Yesterday I explored the failure of ‘plans’ to provide much guidance for how staff and organisations need to carry out new and different tasks to provide new and different care. Given the fact that there is going to be a ‘long-term plan’ and that plan is going to expect different (better) outcomes to be created, then we need something to transmit that intention from the centre of the NHS (and the nation) to the country as a whole.
My contention is that a narrative, a story if you like, is a much better way of communicating what the new NHS is trying to achieve than a plan. A plan interests those few – very few – people who are interested in policy. A story interests those millions who are interested in practice.
Everyone who works has a ‘story’ within which they live their lives and do their job. Inside the NHS that story is both a very big national and historical one, and a very small and very local one. For nearly everyone who comes to work in our health service their personal story mirrors the very big historical/national one that is the NHS.
A cleaner who comes in to clean a health centre may look as if they are doing the same job as one cleaning the offices next door, but their story is actually and potentially different.
Cleaning in a health centre is a core part of the NHS mission because it plays a central role in stopping infection. Stop cleaning for a week and sites of infection increase dangerously. A week’s effective cleaning and infection finds nowhere to grow. So the two stories of cleaning – in the health centre and the offices next door – are two very different stories.
Alongside their work against infection, the cleaner working within the NHS centre is part of a nationally loved set of organisations that provides services for everyone in that locality – whether they have a lot of money or no money at all. The cleaner is a part of something that was featured in the Olympic opening ceremony. That has meaning.
This is a big story to work within. And it has very important local meaning as well. The mother of the cleaner’s neighbour went to the centre last week and received a further diagnosis about her long-term conditions. They had met each other there and talked about her illnesses.
The long-term plan suggests that, to improve cancer survival rates, we need many more diagnostic tests for cancer. So in the short term the local health centre is going to have lorries in the car park carrying diagnostic equipment. Are they part of the NHS centre? Are they to be cleaned as part of the centre? Why are they here and what are they for? And what about the reduced number of car parking spaces that have led to so much complaint from patients and their relatives?
All this is part of both the long-term plan (the continuing story of the NHS) and the cleaner’s new story.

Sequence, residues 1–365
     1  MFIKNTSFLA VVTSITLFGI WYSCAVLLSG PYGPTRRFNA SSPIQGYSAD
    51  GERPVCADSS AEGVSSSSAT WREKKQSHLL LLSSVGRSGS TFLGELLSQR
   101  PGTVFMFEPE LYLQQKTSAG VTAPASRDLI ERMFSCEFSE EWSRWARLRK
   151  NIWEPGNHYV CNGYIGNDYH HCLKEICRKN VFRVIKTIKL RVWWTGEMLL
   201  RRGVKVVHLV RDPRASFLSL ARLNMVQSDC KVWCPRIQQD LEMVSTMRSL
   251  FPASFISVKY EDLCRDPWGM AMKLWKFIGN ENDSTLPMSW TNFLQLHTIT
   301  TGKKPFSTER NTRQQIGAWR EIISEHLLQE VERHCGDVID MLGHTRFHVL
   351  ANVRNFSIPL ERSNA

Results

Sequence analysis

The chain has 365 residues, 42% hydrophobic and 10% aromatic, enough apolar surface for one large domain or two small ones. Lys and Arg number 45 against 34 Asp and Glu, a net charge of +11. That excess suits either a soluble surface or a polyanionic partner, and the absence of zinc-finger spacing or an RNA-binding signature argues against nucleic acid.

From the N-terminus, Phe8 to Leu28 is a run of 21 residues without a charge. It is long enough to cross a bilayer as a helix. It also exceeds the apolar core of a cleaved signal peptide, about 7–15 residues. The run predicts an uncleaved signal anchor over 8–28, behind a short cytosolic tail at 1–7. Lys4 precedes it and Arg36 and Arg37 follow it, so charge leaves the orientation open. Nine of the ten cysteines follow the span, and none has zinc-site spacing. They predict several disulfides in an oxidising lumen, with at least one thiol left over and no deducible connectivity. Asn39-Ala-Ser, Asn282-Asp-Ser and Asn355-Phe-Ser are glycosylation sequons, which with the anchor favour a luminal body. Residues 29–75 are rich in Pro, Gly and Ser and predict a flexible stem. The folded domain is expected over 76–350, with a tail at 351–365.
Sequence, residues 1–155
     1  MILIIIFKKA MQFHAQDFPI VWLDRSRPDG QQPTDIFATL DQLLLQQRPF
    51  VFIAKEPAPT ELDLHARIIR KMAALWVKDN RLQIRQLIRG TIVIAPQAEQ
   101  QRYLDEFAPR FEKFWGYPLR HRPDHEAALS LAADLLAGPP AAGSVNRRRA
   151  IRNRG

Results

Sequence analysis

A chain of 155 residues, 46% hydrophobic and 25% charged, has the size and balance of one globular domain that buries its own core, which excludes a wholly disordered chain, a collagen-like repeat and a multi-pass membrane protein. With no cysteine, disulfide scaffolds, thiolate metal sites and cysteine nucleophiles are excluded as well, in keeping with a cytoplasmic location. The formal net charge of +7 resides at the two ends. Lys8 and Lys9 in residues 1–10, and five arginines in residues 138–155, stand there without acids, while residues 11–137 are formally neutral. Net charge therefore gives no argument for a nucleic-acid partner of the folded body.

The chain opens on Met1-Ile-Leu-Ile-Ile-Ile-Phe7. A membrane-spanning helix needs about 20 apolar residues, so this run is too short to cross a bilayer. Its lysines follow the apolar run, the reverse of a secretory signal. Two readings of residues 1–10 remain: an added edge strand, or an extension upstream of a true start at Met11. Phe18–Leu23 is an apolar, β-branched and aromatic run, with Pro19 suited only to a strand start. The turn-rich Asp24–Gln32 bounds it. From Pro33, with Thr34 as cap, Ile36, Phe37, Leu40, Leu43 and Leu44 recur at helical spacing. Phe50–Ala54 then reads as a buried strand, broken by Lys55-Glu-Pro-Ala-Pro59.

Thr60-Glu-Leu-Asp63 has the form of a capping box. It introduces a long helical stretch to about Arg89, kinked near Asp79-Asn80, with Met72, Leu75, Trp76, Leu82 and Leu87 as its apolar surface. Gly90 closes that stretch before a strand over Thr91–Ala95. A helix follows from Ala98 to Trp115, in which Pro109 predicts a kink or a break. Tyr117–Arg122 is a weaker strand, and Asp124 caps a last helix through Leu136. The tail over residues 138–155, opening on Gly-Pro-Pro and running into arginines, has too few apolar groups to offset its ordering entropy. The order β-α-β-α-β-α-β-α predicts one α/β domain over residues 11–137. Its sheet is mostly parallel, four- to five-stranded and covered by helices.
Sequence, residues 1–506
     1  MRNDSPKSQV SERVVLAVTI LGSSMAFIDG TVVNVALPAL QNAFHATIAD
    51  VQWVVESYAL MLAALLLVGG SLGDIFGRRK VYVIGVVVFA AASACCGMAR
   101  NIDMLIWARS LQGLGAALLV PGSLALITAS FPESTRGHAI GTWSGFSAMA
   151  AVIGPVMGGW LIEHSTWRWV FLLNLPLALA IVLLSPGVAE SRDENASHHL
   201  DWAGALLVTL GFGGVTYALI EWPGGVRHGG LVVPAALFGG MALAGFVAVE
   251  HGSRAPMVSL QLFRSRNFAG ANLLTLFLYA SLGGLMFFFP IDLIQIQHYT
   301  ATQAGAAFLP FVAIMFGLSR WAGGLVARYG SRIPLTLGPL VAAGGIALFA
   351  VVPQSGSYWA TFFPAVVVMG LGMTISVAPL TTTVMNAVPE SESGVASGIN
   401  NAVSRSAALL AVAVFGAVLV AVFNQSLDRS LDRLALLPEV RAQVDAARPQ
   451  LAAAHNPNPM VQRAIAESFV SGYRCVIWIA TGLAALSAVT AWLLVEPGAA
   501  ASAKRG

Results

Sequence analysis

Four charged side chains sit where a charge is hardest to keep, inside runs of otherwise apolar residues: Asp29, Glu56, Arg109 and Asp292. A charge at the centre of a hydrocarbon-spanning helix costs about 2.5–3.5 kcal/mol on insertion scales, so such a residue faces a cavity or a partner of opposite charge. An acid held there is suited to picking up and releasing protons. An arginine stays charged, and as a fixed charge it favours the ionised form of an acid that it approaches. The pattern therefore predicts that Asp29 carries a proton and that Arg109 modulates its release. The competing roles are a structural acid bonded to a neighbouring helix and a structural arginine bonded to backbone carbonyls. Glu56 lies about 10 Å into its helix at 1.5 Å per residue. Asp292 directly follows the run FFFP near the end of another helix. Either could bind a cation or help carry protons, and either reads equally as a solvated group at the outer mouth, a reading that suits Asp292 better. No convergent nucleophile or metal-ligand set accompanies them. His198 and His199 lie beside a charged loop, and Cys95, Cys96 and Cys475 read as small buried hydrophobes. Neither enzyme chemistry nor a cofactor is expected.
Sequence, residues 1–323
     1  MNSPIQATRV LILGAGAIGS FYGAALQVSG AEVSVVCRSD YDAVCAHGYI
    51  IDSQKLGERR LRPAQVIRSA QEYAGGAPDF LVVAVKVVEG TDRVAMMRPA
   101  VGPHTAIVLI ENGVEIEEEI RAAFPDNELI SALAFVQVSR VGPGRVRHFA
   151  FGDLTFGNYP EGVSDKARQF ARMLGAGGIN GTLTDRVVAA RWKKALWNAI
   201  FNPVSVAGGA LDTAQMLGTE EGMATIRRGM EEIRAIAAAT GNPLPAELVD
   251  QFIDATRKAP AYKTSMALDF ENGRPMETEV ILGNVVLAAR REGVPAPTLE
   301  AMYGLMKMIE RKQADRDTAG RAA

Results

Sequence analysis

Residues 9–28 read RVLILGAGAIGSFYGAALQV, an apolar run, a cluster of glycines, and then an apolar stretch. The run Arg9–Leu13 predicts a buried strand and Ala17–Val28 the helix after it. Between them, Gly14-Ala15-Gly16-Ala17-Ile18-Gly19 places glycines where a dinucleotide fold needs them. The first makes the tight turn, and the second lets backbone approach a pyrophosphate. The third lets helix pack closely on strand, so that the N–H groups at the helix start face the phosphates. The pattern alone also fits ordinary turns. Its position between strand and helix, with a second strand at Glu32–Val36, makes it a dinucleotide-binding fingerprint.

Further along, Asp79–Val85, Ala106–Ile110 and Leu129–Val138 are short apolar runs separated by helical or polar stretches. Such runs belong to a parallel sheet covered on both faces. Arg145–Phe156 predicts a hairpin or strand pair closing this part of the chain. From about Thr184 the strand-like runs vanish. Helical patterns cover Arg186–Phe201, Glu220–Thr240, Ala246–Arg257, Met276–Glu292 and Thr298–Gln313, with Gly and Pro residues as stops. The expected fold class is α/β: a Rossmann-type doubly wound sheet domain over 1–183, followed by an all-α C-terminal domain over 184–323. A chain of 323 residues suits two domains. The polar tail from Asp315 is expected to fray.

In one version of that new story the cleaner is helping more local people to survive cancer. In another the cleaner just has some very odd additions to their work and a bunch of lorries that are taking up parking space.
Given the importance of the NHS to British society these wider influences of the story have a bigger impact on that narrative than most. How do we ensure that the new parts of the service in the long-term plan are a part of that story?
Over the last few years many parts of the NHS have been trying to create new models of care that involve integration of various parts of the NHS, other public services, and patients and their communities. The long-term plan is probably going to increase that work. Day-by-day these changes are experienced by staff as being very hard indeed.
Whilst the compelling case for change behind the new care models outlined in the Five Year forward view seems to have been agreed at the top, on many occasions staff and the public at the local level revert to their old way of understanding care. To ensure long-term change, leaders need to work with staff and the public to create a new story, one that encompasses the changes and places staff and patients securely within the story.
A story that includes people in it will engage with their emotions in a way that ‘plans’ for change do not.
Despite many explanations of how to embed change within an organisation stressing the importance of creating a new story, leaders in the NHS and public service seem to find even talking about the need for new stories a bit embarrassing. To expect any long-term plan to actually work and impact the real world of practice we need to overcome this embarrassment and engage with story-making and telling.
You can watch a 30 minute video I made describing how narratives are constructed and what needs to be included here. Have a look, and tomorrow I’ll run through the main points of how it might work.